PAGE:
Where premises are let under a tenancy which requires the Landlord for an obligation to the Tenant for the maintenance or repair of the premises, the Landlord owes to all persons who might reasonably be expected to be affected by defects in the state of the premises, a duty to take such care as is reasonable in all circumstances. The Landlord must ensure that they are reasonably safe from personal injury or from damage to their property caused by a relevant defect.
The said duty is owed if the Landlord knows (whether as the result of being notified by the Tenant or otherwise) or if he ought in all the circumstances to have known of the relevant defect. This is why you must perform regular inspections so that you can demonstrate effort.
In this section “relevant defect” means a defect in the state of the premises existing at, or after the material time and arising from, or continuing because of, an act or omission by the Landlord which constitutes or would if he had notice of the defect, have constituted a failure by them to carry out their obligation to the Tenant for the maintenance or repair of the premises; and for the purposes of the foregoing provision “the material time” means—
(a) where the tenancy commenced before this Act, the commencement of this Act; and
(b) in all other cases, the earliest of the following times, that is to say—
(i) the time when the tenancy commences;
(ii) the time when the tenancy agreement is entered into;
(iii) the time when possession is taken of the premises in contemplation of the letting.
Where premises are let under a tenancy which expressly or impliedly gives the Landlord the right to enter the premises to carry out any description of maintenance or repair of the premises, then, as from the time when the Landlord first , or by notice or otherwise can put themselves, in a position to exercise the right and so long as they are or can put themselves in that position, they shall be treated for the purposes of subsection (1) to (3) above (but for no other purpose) as if they were under an obligation to the Tenant for that description of maintenance or repair of the premises; but the Landlord shall not owe the Tenant any duty by virtue of this subsection in respect of any defect in the state of the premises arising from, or continuing because of, a failure to carry out an obligation expressly imposed on the Tenant by the tenancy.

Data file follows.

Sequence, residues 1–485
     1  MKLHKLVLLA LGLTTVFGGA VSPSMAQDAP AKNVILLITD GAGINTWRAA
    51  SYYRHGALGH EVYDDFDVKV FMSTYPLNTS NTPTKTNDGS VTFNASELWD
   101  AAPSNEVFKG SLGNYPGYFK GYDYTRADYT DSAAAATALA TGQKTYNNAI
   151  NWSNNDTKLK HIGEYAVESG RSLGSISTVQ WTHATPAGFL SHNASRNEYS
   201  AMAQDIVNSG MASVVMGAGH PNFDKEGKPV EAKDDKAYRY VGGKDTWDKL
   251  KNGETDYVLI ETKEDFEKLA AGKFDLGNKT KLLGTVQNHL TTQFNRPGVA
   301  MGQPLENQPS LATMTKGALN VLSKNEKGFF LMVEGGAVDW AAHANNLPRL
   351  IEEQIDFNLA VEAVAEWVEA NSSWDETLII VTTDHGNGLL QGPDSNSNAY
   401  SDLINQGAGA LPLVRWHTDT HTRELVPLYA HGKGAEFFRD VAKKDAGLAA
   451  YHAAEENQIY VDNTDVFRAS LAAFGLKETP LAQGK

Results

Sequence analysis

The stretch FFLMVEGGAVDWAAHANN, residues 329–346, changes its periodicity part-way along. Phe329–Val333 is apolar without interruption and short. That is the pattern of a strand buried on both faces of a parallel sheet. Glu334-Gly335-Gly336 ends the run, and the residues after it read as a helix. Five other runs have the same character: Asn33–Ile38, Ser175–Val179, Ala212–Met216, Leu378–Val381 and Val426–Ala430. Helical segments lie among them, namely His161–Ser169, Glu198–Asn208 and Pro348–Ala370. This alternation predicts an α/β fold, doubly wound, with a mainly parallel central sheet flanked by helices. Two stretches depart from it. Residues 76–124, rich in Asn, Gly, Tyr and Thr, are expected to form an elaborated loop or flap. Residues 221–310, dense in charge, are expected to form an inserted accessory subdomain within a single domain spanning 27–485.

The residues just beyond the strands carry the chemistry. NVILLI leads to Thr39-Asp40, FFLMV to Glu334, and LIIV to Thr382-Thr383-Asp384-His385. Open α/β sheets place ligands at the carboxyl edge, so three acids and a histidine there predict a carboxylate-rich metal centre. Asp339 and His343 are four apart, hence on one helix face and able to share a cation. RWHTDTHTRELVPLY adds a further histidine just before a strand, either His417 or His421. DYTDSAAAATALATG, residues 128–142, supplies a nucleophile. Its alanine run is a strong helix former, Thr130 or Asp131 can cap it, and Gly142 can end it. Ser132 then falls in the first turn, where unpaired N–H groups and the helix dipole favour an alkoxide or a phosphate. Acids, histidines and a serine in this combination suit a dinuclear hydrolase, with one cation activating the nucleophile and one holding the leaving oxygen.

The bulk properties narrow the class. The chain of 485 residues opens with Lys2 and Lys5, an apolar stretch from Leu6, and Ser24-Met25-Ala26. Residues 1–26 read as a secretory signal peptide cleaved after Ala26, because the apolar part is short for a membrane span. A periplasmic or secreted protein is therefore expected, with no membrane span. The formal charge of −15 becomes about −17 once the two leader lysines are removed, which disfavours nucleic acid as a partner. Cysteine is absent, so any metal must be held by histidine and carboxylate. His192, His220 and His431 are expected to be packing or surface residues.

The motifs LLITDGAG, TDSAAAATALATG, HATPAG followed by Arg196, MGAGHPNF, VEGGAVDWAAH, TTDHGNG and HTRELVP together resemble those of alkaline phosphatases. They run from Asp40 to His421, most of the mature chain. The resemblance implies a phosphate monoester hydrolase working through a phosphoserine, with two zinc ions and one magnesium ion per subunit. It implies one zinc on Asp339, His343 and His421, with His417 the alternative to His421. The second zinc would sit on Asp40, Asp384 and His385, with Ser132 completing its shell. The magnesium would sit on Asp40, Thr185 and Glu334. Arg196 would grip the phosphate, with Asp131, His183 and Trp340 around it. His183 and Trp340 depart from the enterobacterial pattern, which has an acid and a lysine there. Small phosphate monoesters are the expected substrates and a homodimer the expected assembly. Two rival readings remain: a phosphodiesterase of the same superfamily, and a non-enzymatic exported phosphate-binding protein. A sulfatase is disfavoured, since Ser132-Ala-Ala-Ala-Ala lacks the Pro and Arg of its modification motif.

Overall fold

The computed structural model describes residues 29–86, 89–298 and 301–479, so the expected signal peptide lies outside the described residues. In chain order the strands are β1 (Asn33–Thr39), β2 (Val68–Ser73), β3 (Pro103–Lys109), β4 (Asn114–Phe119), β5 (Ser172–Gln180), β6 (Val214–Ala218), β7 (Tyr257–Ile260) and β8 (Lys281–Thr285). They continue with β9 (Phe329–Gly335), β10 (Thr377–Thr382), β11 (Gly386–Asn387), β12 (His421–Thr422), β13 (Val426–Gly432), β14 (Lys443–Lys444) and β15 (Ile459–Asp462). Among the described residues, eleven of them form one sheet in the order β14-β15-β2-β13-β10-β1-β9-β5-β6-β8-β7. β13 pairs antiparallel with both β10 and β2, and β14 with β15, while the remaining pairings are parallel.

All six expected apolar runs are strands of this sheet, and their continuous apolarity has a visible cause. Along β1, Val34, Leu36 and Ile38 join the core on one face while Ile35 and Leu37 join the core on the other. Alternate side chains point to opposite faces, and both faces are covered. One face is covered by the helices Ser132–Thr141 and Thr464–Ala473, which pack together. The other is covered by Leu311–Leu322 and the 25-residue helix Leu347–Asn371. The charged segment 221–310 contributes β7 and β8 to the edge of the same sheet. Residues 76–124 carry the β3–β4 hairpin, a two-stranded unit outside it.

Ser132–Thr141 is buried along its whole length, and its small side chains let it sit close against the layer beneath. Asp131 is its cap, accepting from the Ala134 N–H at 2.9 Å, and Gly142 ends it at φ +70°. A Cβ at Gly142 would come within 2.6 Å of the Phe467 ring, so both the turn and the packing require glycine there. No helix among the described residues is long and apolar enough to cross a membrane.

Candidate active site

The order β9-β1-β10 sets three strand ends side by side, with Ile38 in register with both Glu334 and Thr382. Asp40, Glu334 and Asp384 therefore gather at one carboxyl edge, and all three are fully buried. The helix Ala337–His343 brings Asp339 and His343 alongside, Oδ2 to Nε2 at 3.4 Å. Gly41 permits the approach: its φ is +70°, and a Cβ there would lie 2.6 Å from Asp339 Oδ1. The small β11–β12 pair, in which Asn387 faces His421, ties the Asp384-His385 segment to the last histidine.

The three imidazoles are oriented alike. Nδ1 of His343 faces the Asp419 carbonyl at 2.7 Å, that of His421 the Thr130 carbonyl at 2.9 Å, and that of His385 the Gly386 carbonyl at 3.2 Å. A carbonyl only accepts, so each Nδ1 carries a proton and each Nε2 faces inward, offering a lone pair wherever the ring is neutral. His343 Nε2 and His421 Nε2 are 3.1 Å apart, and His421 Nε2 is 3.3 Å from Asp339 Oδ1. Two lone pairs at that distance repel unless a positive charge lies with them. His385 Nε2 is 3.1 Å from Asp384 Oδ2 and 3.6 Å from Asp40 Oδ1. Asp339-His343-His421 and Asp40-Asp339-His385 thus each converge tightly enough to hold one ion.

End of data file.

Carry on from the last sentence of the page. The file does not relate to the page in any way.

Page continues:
Immigration Act revised 2016 should a landlord or letting agent fail to ensure ALL tenants/occupiers have a righto reside for the duration of the tenancy then they may be fined £3000 for each breach. The Secretary of State may instruct the landlord to remove such persons without the need of a court order by way of reasonable force
Labour market enforcement - restriction on illegal migrants to work. A labour market enforcement undertaking (an “LME undertaking”) is an undertaking by the person giving it (the “subject”) to comply with any prohibitions, restrictions and requirements set out in the undertaking
Under section 42 of the County Courts Act 1984 it is possible for the Court to transfer a matter from the County Court to the High Court for enforcement but leave (permission) of the Court is required first. The transfer time varies from court to court and can take up to 28 days, but normally takes far less. An application to seek permission can be made either at the time of making the possession claim or after possession has been ordered.